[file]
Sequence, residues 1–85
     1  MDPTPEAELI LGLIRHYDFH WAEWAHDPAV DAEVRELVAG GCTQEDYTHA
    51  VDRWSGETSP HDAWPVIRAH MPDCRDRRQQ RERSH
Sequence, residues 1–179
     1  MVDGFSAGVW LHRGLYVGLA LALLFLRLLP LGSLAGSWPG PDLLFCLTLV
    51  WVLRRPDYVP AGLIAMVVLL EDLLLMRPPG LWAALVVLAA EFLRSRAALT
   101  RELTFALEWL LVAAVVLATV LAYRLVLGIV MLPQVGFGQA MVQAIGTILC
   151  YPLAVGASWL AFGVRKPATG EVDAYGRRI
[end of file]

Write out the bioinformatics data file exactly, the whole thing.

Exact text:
Sequence, residues 1–85
     1  MDPTPEAELI LGLIRHYDFH WAEWAHDPAV DAEVRELVAG GCTQEDYTHA
    51  VDRWSGETSP HDAWPVIRAH MPDCRDRRQQ RERSH
Sequence, residues 1–179
     1  MVDGFSAGVW LHRGLYVGLA LALLFLRLLP LGSLAGSWPG PDLLFCLTLV
    51  WVLRRPDYVP AGLIAMVVLL EDLLLMRPPG LWAALVVLAA EFLRSRAALT
   101  RELTFALEWL LVAAVVLATV LAYRLVLGIV MLPQVGFGQA MVQAIGTILC
   151  YPLAVGASWL AFGVRKPATG EVDAYGRRI